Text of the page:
1920 – 1987: Hardship and endurance.
My Father was a prisoner of war in 1943. He never really spoke about this time whether it was due to his army briefing or just that it was too painful. Since his death our family have discovered where he was a prisoner in Stalag 18A Austria. He had said he was captured by the Italians and treated poorly with lack of food, then moved up through Europe to Austria. He was put to work on a farm which probably saved his life as they need strong men and one thing he did say, was that they shared their meals and for the first time in ages he had eggs and chicken which was more than a lot of the other prisoners were getting at this time.
We found a letter sent to our grandmother dated 12.7.1943 My dear Mother it reads with kind regards to all a poignant part is quote “the standard dress at the camp is a pair of shorts and a pair of boots and that is it, you are then considered well dressed. It then goes on to say maybe it won’t be long now before it is over but then as we now know he would have been there another two years.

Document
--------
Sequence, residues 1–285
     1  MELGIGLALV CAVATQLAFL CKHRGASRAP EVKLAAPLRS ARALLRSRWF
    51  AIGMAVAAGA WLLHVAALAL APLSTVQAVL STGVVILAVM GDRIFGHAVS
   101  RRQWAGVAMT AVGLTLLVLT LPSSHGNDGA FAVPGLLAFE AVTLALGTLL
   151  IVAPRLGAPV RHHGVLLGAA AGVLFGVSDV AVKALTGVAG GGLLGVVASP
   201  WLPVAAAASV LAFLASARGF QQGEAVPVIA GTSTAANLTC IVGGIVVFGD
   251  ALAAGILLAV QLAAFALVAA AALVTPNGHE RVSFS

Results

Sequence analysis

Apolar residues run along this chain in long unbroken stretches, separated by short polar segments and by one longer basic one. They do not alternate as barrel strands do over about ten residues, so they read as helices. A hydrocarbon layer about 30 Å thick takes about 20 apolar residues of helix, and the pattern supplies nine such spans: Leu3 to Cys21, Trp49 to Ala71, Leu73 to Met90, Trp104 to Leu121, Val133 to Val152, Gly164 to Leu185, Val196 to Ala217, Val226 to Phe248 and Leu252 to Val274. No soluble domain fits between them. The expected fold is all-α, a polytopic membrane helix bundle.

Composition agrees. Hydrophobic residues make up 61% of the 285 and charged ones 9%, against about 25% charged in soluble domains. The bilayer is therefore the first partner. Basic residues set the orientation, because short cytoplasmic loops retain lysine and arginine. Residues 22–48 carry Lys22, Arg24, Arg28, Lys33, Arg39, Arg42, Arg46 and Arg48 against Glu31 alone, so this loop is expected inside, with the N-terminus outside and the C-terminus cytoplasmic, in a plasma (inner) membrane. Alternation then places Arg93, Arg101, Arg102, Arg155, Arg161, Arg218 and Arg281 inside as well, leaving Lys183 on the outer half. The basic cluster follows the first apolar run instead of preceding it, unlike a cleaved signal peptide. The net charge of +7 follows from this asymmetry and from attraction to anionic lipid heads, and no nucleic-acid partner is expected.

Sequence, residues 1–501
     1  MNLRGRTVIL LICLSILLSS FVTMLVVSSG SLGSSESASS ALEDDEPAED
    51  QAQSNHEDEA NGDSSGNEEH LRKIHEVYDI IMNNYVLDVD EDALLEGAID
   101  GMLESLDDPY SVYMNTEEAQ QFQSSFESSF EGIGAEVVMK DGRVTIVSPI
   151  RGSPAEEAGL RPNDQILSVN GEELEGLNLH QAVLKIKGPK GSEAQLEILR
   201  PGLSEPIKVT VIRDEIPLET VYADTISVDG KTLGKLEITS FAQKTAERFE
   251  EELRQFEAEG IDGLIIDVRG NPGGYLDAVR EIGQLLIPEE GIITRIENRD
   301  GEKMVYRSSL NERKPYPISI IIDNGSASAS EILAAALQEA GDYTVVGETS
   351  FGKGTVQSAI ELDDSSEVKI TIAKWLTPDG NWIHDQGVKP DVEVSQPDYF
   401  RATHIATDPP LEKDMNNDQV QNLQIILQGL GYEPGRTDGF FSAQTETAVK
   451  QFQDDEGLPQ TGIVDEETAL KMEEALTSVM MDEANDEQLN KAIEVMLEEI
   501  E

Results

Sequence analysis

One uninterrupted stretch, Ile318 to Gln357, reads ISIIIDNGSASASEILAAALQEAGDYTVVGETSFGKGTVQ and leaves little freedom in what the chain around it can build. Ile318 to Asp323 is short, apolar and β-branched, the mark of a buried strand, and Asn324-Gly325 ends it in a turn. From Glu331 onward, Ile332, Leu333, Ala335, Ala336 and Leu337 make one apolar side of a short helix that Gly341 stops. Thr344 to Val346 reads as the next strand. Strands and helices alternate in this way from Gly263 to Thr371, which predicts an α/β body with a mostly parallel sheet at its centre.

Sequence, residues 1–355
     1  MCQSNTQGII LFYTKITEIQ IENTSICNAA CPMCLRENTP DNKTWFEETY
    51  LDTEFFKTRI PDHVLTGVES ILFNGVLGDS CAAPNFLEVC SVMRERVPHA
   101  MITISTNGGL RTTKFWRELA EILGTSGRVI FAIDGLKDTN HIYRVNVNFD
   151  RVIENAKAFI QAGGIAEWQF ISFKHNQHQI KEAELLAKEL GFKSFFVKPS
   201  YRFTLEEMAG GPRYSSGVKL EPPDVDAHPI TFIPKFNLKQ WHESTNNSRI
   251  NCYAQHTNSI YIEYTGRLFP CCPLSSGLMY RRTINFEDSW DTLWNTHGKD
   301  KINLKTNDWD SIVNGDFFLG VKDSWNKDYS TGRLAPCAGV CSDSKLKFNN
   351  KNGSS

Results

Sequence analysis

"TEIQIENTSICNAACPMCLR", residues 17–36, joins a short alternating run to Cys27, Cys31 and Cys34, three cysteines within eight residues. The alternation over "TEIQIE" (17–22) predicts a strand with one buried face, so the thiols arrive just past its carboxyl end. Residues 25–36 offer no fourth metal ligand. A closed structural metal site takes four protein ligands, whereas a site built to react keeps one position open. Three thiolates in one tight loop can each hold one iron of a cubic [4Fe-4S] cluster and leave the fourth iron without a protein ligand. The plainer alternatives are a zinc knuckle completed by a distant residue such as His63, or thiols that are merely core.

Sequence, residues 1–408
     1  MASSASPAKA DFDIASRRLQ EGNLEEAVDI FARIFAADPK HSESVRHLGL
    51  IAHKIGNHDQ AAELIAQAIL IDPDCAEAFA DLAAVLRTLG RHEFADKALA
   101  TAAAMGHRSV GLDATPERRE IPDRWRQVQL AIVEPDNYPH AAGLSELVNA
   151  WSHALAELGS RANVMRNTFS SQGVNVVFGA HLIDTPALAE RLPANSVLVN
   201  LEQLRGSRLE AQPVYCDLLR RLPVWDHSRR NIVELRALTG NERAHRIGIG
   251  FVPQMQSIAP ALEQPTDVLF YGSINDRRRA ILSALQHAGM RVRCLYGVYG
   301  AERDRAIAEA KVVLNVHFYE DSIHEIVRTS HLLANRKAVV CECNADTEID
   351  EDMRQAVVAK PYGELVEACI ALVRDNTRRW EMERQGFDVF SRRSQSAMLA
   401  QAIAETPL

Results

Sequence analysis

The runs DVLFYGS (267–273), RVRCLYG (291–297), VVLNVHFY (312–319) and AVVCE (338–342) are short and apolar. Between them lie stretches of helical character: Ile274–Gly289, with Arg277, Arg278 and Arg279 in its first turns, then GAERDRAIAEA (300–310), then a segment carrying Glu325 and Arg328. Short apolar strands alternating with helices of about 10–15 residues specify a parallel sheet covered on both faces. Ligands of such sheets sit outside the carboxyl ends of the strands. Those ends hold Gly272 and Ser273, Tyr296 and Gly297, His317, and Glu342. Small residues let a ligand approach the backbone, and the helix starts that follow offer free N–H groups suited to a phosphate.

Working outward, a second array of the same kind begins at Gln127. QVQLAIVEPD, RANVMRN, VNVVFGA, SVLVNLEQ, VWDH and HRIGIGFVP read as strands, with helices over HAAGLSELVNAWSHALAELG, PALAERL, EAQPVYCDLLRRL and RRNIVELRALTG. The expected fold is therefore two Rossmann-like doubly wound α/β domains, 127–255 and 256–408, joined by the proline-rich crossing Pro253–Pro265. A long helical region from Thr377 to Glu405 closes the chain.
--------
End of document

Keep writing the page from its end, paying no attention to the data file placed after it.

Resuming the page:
Our Father was also at Dunkirk he was a Lance Corporal in the East Surry regiment. Captured in North Africa.
My sister and I have visited Wolfsberg in Austria and there is a museum in Lavanthaus with only a plaque now where the camp was.
After the war my Father was originally from Jersey in the Channel Islands but could not return home straight away as they were not liberated due to the occupation by the Germans. In the meantime, he went to live with his sister in the UK where he met our mother, so it was a happy ending.
Now with Covid it makes you realise what your freedom does mean.
Author Jacqueline Moon
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